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Illinois Soy crediting checkoff, transportation for yield boost


BLOOMINGTON, Ill. — Illinois has retained its status as the Soy King of the USA.

The recent USDA National Agricultural Statistics Service (NASS) annual crop production report estimates Illinois farmers grew nearly 612 million bushels of soybeans in 2017, averaging a yield of 58 bushels per acre over 10.5 million harvested acres.

This places Illinois as the nation’s leader in those three statistical categories, outpacing Iowa’s soybean production of 561.6 million bushels raised on 9.9 million acres with an average yield of 56.5 bushels.

“2017 was another good year for soybean production. Our farmers continue to raise the bar on achieving maximum yield without sacrificing profitability,” said Lynn Rohrschieb, a Fairmount farmer who serves as chair for the Illinois Soybean Assoc. (ISA). “We are excited to be the top soybean-producing state again.”

With good growing conditions and an emphasis on efficient management, Illinois has claimed the national production crown four of the last five growing seasons. The growth in soybean production in the Land of Lincoln mirrors national trends, with more soybean acres than corn harvested in 2017, according to USDA estimates.

Another ISA farmer-leader credits checkoff-supported programs, including farmer education on new practices and industry innovations, with allowing growers to maximize yield potential while considering cost.

“Each year, we better utilize checkoff funds to invest in key farmer profitability initiatives like intensive local learning sessions and the resource,” said Jenny Mennenga, ISA production and outreach committee chair, who farms in LeRoy.

“This contributes to the success of our growers and challenges us to continue to seek these opportunities that allow us to reach top yields.”

Mennenga offered insight into some of the most impactful programs and events ISA sponsors using soybean checkoff dollars, including the new Better Beans learning series. The five-city event, which began Jan. 30 and concludes Feb. 22, includes stops in Polo, Mendota, Jacksonville, Altamont and Fairview Heights.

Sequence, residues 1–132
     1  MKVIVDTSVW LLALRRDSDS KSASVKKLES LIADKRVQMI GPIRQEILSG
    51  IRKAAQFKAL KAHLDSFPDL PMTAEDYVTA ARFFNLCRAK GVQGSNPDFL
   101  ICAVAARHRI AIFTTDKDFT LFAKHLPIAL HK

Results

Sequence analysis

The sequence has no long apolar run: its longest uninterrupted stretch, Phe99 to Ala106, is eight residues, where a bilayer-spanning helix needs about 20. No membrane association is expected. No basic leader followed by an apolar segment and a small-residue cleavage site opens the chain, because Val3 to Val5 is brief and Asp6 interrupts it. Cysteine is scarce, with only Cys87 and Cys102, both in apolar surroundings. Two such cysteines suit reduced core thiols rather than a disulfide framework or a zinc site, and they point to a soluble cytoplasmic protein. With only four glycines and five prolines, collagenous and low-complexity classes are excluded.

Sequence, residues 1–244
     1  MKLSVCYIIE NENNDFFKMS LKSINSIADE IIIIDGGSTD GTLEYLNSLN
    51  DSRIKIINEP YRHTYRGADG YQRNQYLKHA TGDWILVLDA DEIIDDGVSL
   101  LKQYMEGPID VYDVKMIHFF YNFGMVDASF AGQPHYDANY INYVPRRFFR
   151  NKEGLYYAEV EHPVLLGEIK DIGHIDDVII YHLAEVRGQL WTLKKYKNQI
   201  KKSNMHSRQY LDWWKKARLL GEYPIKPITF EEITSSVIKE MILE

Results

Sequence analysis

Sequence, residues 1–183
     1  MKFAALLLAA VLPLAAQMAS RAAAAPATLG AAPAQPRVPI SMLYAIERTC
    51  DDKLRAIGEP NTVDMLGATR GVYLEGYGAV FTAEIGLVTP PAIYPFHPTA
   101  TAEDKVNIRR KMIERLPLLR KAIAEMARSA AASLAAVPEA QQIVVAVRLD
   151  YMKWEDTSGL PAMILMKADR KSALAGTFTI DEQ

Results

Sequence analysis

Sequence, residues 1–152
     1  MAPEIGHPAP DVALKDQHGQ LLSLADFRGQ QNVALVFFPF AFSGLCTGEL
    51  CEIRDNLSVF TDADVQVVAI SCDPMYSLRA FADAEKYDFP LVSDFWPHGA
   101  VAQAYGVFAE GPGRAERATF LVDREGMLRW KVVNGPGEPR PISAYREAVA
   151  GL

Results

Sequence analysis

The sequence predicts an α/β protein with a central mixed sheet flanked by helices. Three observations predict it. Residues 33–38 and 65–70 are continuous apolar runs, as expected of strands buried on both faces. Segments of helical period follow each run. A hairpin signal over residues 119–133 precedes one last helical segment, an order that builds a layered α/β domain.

“We’re really excited about Better Beans. We will be utilizing certified crop advisors to host these events,” she said. “It brings local solutions from experts in agronomy to soybean growers.”

The series was begun because of the diversity of issues soybean growers face in different parts of Illinois, according to Dan Davidson, an agronomist and director of strategic research for ISA. “We hope this series will offer targeted advice for regional issues and will help growers increase their profitability,” he explained.

Another upcoming ISA-sponsored event, the Resilient Farms Roadshow, will be from Feb. 13-21 in DeKalb, Galesburg, Bloomington, Effingham and Mt. Vernon. Featuring presentations from Davidson, University of Illinois farm economist Gary Schnitkey and Illinois Farm Business Farm Management CEO Dwight Raab, the series focuses on a recent ISA-sponsored study conducted by the U of I that analyzed proven habits of financially resilient farms in Illinois.

An annual event, the Illinois Soybean Summit, took place Jan. 11 in Springfield. The summit brings together growers, industry experts, certified crop advisors and others for an exchange of ideas, innovations and proven best management practices.

It is an event her family attends and benefits from, Mennenga said. “We bring home and implement new ideas from the Soybean Summit every year. Last year we implemented really early planting of soybeans – around April 12 and 13 – for the first time, and had the highest soybean production per acre ever. It was a win.”

For year-round assistance, the website is another reliable source for growers seeking advice on agronomic decisions that are proven to increase yields and sustainability while limiting costs, she noted.

In addition to the plethora of programs and events sponsored by the ISA, increases in soybean production in Illinois can also be credited to the value placed on getting state soybeans from farmer to customer in an efficient manner, added Austin Rincker, a Moweaqua farmer and ISA marketing committee chair.

“There are unique logistical challenges that exist in getting our product to market, including by rail, road and waterway. It’s a key priority of this organization to make sure we are leading the way in serving our customers efficiently, knowing that any gains we can make in transportation translate to generating more demand for our products,” Rincker said.

For more information on ISA soybean checkoff-supported programs and events, visit the ISA website at or send an email to